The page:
I’m just not that convinced that on judgment day whether we said “Merry Christmas” or “Happy Holidays” or used an “X” or had a cross, star, angel, or oddly shaped sculpture atop our tree will matter as much as whether or not we were generous, kind, patient, gentle, loving, gracious, merciful, and forgiving. I have a hard time picturing God gazing down upon us from the heavenly realm and thinking, “Oh no, she just said ‘happy holidays’. Oh no, their Christmas tree topper doesn’t have Christian significance. Oh no, he wrote ‘Merry Xmas’.Oh no, he didn’t join the fight to keep the cross on top of that tree.”

Maybe, just maybe, we are fighting the wrong fight.

Maybe the “X” isn’t an abomination (click HERE for more on that).

Maybe saying “Happy Holidays” isn’t so terrible (click HERE for more on that).




The Other

So, I’m reading Will Willmon’s short book, “Fear of the Other”. It’s a quick, thought-provoking read.

In the midst of perusing through my social media news feeds, and finding myself both deeply disturbed (tragic events in Aleppo) and deeply annoyed (false religious persecution in Knightstown, IN), I find Willmon’s book to be fitting.

First, let’s just say he knocks it out of the park with the first few sentences of the introduction:

“Thanks to fellow Christians Donald Trump, Ben Carson, and Ted Cruz. If not for them, I would not have been asked to write this book. I’m serious. Competing attempts among politicians to leverage fear of others into votes for them led to the idea of a book that thinks as Christians about the Other.”

This morning, I read a passage that is challenging me to do more in an effort to build bridges with the Other I encounter on a regular basis:

“Every time we miraculously move from exclusion to embrace, it’s a little earthly experience of what one day we shall do forever. Truth and love don’t stand in opposition, and a hermeneutics of hospitality doesn’t relieve you from making correct judgments. In fact, our hospitality can be an attempt accurately to construe and to understand the Other. Christians ought to be better at building bridges than erecting walls against those we have injured as well as those who have injured us…

Sadly, sometimes exclusion of the Other is presented as a Christian virtue rather than a sin. We take upon ourselves God’s prerogative to judge, separate, exclude, and embrace as if it were our own. We label another as a dangerous threat and construct our mechanisms of defense. The separation of the world into ‘sinners’ and ‘righteous’ is a notoriously tricky business, too bound up with our denial of our sin, too caught in structures of privilege, race, and class to be done without the greater of care and humility.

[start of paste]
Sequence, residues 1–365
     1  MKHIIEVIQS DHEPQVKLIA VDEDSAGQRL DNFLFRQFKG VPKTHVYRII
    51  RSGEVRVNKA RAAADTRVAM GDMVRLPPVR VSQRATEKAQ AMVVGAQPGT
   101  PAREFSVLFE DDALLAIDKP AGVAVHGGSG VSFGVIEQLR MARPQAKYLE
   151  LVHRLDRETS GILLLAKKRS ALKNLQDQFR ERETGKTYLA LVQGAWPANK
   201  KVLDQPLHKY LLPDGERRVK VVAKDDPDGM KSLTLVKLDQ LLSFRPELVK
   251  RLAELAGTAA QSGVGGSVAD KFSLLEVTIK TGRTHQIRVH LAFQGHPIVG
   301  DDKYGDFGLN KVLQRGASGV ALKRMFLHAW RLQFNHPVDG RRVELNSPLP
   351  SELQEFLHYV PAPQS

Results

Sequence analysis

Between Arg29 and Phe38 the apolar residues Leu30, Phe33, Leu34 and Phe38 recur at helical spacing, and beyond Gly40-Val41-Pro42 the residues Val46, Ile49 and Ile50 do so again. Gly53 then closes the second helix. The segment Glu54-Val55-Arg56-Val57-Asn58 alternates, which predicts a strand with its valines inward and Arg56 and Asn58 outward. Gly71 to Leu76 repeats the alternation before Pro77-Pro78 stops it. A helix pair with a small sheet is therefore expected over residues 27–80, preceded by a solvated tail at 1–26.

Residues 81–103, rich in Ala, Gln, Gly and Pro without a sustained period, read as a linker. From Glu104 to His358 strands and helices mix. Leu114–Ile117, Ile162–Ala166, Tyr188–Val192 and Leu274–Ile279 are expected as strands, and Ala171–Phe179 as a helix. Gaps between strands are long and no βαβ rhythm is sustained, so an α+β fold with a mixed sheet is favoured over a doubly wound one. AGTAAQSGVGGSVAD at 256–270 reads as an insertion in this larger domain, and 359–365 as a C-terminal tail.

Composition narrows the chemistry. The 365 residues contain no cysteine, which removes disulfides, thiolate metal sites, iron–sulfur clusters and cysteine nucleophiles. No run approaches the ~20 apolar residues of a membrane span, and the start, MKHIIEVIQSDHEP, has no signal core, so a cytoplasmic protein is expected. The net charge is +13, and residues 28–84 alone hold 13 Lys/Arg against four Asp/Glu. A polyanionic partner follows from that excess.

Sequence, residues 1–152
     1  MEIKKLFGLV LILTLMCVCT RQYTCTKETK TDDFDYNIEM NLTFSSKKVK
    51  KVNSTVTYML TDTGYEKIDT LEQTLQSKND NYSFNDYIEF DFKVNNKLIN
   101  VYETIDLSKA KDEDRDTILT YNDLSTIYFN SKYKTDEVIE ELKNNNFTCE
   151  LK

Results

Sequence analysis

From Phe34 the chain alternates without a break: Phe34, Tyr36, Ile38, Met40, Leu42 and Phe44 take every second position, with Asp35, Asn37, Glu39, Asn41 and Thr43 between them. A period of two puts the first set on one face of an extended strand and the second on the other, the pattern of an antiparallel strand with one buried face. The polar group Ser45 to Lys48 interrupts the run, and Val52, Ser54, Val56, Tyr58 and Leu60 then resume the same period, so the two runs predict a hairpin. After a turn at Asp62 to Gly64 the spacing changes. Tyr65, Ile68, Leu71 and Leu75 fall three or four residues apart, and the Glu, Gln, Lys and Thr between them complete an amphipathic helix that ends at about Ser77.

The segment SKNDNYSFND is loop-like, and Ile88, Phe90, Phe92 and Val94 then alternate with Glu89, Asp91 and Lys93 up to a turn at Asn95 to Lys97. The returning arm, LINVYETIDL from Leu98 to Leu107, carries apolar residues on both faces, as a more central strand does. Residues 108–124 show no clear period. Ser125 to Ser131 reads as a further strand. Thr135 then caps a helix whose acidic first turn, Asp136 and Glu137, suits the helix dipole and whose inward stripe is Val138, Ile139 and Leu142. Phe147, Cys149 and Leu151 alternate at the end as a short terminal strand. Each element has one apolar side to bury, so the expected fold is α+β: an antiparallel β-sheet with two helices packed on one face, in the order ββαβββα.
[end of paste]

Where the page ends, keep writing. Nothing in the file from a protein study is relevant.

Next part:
That America has the largest military defense budge of any country in the world suggests that our defensiveness is costly. That we have more people in jail than any other country in the world is a great irony – or perhaps even a great sin – in this self-proclaimed freest of all nations.

I wonder if our stress on the distinctiveness of our gender, sexual orientation, or native culture contributes to a sense of a vast, unbridgeable gap between us. They can’t possibly understand us and we can’t understand them. My experience is my experience. How dare you presume to ‘know just how I feel’? Are we guilty of overstress upon the uniqueness of our personal experience and our particular identity? There are lots of ways of attempting to dodge Paul’s lumping of all us together as ‘the ungodly’ upon whom God has shown mercy for all.

Who are the “others” in your life? How can you go about building bridges?



Chreasters Are People Too…

Christmas is just around the corner! For those of us in ministry, it means we are in the midst of a busy season. The preparation, while extremely powerful, can be very draining on ministry leaders and their families.

This is also one of those times of year when we start seeing a slight increase in worship attendance. Christmas Eve and Easter brings out folks who maybe only make it to church once or twice a year.

In Christian circles, these irregular church attenders are often referred to as “Chreasters”. Let’s be honest, that’s a pretty derogatory term. It probably reveals that we don’t really appreciate having the Chreasters join us on Christmas Eve and Easter.

Continuing in the spirit of honesty, we don’t appreciate Chreasters because Chreasters impose on our normal ways of doing things. For example:

  • They park in our parking sports (meaning we might have to park farther away)
  • They sit in our pews/chairs (meaning we might have to sit on the other side of the sanctuary)